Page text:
Study Finds Links Between Outdoor Light and Teenage Mental Health

patterns of sleep

Most of us assume lights present outdoors are harmless when we sleep but a newly published study reveals some links between artificial light and adolescent mental health as well as their patterns of sleep.

While studies in the past have explained the negative effects of indoor artificial light while a person sleeps at night time, this latest research attempts to go a step further. Previous researches have described the effect to be able to hinder not only sleep but also good moods. The reason for this is that our body can sync our everyday rhythm only using a cycle of light and darkness; if natural light is tempered with it can disturb the natural processes of the body in several ways.

Diana Paksarian is one of the authors on the team she explains that artificial light is picked up by our bodies during sleep and disturbs our body’s natural clock cycle and therefore deregulates how we would normally behave, remain awake or sleep.

The researchers in the study took face-to-face interviews with adolescents and evaluated the presence and extent of mental health disorders these teenagers had experienced during the previous year. The things they assessed included substance use, anxiety, mood, and behavioral disorders. Besides these questions, these teenagers were also asked about their bedtimes and how much sleep they got each week including weekends.

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The researchers then controlled different demographic measures such as race/ethnicity, urbanicity, family income, and socioeconomic statuses. The practice revealed that there was a discernible link between patterns of sleep and levels of ALAN or artificial light at night.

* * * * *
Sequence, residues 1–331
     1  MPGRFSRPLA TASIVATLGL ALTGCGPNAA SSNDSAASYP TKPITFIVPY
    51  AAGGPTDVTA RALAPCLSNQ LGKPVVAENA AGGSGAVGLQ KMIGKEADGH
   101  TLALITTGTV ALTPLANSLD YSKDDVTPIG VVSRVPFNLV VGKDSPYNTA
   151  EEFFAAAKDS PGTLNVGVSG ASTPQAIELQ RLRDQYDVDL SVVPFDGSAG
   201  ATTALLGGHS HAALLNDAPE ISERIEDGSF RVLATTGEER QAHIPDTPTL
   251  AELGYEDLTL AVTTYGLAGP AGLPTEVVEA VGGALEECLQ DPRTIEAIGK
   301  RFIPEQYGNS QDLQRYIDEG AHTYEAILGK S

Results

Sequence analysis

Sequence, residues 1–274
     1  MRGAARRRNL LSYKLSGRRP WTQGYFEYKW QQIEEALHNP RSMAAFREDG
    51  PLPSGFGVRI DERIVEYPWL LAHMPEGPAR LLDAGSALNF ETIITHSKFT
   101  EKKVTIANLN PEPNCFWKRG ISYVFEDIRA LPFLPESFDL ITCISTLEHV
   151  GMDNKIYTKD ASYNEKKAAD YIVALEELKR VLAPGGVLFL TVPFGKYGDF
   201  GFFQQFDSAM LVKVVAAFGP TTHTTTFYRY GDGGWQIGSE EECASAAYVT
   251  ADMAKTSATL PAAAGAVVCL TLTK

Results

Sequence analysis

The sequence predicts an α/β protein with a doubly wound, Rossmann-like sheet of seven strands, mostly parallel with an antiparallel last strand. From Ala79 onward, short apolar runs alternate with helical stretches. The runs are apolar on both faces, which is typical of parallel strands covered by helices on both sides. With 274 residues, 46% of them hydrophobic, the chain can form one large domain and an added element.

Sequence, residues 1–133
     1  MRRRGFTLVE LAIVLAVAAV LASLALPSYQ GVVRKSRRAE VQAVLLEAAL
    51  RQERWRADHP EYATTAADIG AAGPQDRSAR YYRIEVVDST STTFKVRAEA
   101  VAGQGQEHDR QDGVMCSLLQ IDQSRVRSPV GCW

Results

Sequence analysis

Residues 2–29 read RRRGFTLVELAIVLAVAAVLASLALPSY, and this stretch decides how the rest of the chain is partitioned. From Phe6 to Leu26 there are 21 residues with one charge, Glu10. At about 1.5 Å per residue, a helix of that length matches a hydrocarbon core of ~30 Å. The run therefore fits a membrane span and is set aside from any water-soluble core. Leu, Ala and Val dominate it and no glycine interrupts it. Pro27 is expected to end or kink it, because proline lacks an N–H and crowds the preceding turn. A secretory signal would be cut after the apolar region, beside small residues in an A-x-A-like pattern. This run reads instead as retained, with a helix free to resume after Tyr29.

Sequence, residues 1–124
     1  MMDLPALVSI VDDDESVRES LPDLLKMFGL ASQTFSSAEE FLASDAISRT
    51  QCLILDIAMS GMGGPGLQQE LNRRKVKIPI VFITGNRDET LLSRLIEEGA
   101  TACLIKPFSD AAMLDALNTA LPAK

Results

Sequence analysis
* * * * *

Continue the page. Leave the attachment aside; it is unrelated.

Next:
Teenagers who were in the group that had a greater measure of ALAN were understood to go to bed after about half an hour and ended up getting 11 minutes of lesser sleep than the group that had lower ALAN levels.

Surprisingly, the more the study progressed the more they understood that the existence of outdoor artificial light was affecting more than just sleep in adolescents it was also liked with anxiety disorders and bad moods.

Furthermore, the researchers also found links between the emergence of disorders like specific phobias, bipolar disorders, and other similar disorders with the presence of higher ALAN levels.

They also discovered that higher ALAN levels affected some teenagers more than others such as adolescents that come from disadvantaged backgrounds or come from disadvantaged socio-economic groups. Common examples of such groups may include someone who might belong to an immigrant family, is a minority racial or ethnic group in society, or has a lower income family.

The researchers point out that social disparity in where outdoor ALAN is present among the population of the US and the existence of social disadvantage that some teenagers have, including those that because of their backgrounds are exposed to higher levels of this light; may suffer even more stress to their health.

The study, however, is still limited and does not include a cross-sectional analysis of the matter for instance it does not take into account the amount of light exposure these teenagers experienced and it does not include assessments through self-reports on patterns of sleep. Still, however, the findings of this research are in line with the ones that came before it that shed light on how circadian rhythms are affected by ALAN.

The authors emphasize that studies in the future should delve deeper into whether interventions in public design could help decrease the level of brightness or the kind of light being left outdoors that may in turn benefit effectively the sleep and mental health of the youth including those who suffer social disadvantage.

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